6. Documenting security policies and operation procedures for managing vendor defaults and other security settings
  7. Using technologies such as VPN for web-based management and ensuring all traffic is encrypted following current standards
  8. Enabling only one primary function per server

Maintaining PCI compliance for requirement 3 includes:

  1. Documenting a data retention policy
  2. Having employees acknowledge their training and understanding of the policy
  3. Eliminating storage of sensitive authentication data after card authorization
  4. Masking the primary account number on customer receipts
  5. Understanding guidelines for handling and storing cardholder data
  6. Making sure primary account number storage is accessible by as few employees as possible, including limiting access to cryptographic keys, removable media, or hardcopies of data

Maintaining PCI compliance for requirement 4 includes:

  1. Reviewing all locations, systems, and devices where cardholder data is transmitted to ensure you’re using appropriate encryption to safeguard data over open, public networks
  2. Verifying that encryption keys/certificates are valid and trusted
  3. Continually checking the latest encryption vulnerabilities and updating as needed
  4. Having a policy to ensure you don’t send unprotected cardholder data via end-user messaging technologies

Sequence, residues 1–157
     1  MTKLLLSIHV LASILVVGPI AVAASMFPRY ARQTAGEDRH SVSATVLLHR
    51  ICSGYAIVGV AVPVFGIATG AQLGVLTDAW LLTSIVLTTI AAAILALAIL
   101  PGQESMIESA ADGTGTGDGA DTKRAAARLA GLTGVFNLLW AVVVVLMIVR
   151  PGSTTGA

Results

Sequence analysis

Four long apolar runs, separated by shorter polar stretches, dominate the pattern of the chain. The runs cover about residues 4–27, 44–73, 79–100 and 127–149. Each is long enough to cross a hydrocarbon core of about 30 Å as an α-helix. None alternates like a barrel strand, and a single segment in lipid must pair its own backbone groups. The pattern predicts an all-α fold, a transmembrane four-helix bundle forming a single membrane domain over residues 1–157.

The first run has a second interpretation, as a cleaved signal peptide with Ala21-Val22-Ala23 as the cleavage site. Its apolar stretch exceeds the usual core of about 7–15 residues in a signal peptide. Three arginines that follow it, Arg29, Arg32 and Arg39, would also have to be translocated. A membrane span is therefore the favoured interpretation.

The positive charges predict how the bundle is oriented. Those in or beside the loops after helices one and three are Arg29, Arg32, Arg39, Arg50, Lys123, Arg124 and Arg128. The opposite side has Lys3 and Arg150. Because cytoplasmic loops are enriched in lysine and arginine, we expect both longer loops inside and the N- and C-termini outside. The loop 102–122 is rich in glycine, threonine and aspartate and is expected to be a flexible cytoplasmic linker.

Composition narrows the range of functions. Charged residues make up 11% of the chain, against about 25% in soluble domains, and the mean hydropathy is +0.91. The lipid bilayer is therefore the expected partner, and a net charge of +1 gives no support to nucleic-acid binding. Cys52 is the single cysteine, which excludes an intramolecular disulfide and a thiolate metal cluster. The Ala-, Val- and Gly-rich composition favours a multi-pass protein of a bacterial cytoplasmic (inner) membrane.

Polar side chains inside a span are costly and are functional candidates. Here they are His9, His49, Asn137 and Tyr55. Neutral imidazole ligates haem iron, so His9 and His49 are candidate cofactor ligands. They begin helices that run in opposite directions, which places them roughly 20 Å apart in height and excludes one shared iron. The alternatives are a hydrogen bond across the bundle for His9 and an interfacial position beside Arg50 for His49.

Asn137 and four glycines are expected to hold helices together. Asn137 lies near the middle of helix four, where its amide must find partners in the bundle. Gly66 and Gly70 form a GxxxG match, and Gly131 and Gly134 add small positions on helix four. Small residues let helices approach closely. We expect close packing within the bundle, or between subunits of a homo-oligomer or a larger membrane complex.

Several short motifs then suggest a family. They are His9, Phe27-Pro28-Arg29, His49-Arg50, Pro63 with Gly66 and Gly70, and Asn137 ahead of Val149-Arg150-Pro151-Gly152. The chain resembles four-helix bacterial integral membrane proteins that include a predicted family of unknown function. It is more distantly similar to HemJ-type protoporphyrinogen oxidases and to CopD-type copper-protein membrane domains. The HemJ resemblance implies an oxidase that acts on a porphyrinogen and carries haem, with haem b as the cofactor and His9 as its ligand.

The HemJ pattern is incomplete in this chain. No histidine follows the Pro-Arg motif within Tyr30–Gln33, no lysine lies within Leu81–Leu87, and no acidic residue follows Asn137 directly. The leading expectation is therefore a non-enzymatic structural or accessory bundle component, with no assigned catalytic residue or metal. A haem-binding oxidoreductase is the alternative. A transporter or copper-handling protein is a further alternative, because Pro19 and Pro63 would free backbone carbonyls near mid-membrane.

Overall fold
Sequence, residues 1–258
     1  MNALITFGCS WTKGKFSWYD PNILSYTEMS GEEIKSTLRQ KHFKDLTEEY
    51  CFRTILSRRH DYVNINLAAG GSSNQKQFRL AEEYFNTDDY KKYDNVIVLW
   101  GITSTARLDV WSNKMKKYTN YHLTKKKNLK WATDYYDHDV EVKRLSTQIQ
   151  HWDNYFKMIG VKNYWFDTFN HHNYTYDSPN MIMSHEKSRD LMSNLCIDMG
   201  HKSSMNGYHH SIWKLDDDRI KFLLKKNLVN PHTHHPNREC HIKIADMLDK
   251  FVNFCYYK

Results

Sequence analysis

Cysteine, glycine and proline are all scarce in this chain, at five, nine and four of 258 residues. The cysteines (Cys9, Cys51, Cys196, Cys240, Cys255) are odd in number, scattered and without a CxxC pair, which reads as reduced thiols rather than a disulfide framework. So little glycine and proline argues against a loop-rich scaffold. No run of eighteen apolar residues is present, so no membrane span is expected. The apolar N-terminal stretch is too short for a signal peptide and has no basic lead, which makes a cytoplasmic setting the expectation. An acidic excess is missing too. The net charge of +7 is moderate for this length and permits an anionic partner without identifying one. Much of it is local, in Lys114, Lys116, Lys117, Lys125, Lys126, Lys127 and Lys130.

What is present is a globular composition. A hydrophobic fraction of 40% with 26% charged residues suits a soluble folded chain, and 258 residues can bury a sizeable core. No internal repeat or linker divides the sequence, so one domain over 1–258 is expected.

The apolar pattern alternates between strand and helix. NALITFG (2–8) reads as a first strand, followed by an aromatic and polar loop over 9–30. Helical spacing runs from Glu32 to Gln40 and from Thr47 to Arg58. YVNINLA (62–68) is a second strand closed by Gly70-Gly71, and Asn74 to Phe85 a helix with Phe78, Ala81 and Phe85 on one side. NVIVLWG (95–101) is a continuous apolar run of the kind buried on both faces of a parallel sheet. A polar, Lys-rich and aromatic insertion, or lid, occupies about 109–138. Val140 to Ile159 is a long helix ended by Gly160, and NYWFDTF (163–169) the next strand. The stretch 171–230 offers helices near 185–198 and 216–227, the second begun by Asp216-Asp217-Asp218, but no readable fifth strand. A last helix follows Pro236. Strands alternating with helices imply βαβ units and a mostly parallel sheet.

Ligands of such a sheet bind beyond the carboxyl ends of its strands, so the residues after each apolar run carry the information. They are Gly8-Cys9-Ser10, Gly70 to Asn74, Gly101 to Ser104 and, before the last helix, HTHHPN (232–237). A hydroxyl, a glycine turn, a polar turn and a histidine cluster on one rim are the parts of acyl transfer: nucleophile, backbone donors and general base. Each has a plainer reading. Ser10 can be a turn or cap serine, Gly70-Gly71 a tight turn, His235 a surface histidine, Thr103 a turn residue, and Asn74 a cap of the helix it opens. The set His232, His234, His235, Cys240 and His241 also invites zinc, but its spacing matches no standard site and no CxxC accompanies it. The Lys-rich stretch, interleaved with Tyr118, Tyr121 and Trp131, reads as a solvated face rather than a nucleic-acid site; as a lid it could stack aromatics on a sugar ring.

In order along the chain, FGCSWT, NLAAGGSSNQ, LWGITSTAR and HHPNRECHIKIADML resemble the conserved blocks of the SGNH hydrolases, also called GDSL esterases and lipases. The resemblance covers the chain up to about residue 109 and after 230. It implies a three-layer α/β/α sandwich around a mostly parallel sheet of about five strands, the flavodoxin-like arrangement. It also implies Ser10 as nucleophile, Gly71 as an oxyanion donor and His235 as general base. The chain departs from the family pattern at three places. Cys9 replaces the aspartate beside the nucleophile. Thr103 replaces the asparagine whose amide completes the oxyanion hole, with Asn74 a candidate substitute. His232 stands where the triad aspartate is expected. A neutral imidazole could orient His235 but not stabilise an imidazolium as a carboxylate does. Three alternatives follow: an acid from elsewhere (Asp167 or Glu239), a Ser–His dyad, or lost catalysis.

5. Checking with vendors to ensure supplied POS devices are appropriately encrypting data
  6. Reviewing and implementing best practices, policies, and procedures for sending and receiving payment card data
  7. Ensuring TLS is enabled whenever cardholder data is transmitted or received through web- based services
  8. Prohibiting the use of WEP, an unsecure wireless encryption standard

Maintaining PCI compliance for requirement 5 includes:

  1. Deploying anti-virus programs on commonly affected systems
  2. Setting anti-virus to scan automatically to detect and remove malicious software
  3. Maintaining audit logs for review
  4. Ensuring the anti-virus system is updated automatically
  5. Setting up administrative access to ensure anti-virus can’t be disabled or altered by users
  6. Documenting malware procedures and reviewing with necessary staff
  7. Examining system configurations and periodically evaluating malware threats to your system

Maintaining PCI compliance for requirement 6 includes:

  1. Having a change management process
  2. Having an update server
  3. Having a process in place to keep up-to-date with the latest identified security vulnerabilities and their threat level
  4. Installing vendor-supplied security patches on all system components
  5. Ensuring all security updates are installed within one month of release
  6. Setting up a manual or automatic schedule to install the latest security patches for all system Components

Maintaining PCI compliance for requirement 7 includes:

  1. Implementing access controls on any systems where cardholder data is stored and handled